As I went through the edits, I realized that a lot of the changes he’d made actually improved the way the sentences read. I had to reject a few changes that I felt detracted from the flow, but for the most part they were good.

So when I sat down to write Queen of Thieves Book 2, I tried to follow the “fewer commas, please!” suggestion he’d made. This suggestion slightly changed my writing style, leading to a leaner, more precise, faster-paced story. Such a small change, but such a visible result!

I’ve come to enjoy the editing process—not because I like being told I’m wrong, but because I can use the mistakes highlighted as a way to improve my writing in the future. I actually seek out the more hard-ass editors because I want them to whip both me and my manuscript into shape. The more mistakes they point out, the more mistakes I can eliminate from my writing style. That will lead to better and better manuscripts, which in turn will lead to better and better stories. In the end, isn’t that the purpose of being a writer?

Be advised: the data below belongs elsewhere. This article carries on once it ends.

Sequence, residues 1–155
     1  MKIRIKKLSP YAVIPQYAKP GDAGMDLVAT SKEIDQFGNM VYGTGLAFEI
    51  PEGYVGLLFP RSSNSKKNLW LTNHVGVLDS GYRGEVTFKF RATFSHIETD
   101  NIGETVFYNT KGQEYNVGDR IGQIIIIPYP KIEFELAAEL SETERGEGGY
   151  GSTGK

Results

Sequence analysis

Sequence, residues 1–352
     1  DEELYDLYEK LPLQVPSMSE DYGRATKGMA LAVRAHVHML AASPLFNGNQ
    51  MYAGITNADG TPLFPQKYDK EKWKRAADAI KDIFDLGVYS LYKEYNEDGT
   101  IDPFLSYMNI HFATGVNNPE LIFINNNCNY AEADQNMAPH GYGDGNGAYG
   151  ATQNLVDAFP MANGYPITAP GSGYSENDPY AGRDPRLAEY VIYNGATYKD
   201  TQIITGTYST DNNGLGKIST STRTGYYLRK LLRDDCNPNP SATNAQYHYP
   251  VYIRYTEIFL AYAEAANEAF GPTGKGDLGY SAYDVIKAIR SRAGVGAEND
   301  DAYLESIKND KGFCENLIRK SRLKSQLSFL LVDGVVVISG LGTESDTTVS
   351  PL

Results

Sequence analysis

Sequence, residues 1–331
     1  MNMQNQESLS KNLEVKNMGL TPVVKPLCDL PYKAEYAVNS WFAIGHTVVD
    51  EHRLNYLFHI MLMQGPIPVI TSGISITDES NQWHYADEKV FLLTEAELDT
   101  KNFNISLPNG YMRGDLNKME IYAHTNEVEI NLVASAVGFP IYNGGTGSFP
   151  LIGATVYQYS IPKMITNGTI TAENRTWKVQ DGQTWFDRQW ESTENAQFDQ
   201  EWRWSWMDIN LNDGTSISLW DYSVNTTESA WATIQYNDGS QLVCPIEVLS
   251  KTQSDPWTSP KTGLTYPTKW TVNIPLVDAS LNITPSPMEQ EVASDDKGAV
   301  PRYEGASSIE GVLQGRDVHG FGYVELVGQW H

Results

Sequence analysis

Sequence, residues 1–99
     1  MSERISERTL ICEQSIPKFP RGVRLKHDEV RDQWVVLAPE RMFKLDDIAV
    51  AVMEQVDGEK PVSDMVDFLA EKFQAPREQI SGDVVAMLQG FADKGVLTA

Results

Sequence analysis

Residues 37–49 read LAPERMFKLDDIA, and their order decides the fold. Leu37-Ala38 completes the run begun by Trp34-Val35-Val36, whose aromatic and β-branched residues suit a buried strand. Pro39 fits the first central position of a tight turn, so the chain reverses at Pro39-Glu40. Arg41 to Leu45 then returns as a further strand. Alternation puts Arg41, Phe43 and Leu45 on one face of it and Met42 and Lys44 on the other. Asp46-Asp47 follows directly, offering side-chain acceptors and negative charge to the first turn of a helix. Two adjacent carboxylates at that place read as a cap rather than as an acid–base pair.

The more mistakes an #editor points out, the more you learn. @andypeloquin #amediting #writerslife… Click To Tweet

Tips and Tricks to Save on Editing Costs

Editing. The hardest part of being an author.

By FAR!

And the place that you will find the most scammers out there to make a quick buck. Seriously, there isn’t a site I’ve been to that doesn’t have tons of people peddling questionable skills to authors. I have seen so many authors get badly burned because they hired sub-par editors, or they hire top notch editors (who are worth a pretty penny, and if you haven’t done any work to the piece, you will end up shelling out big time.)

So, let’s talk about each step, some free ways to address it so your editor spends less time doing the work, and in turn will charge you less!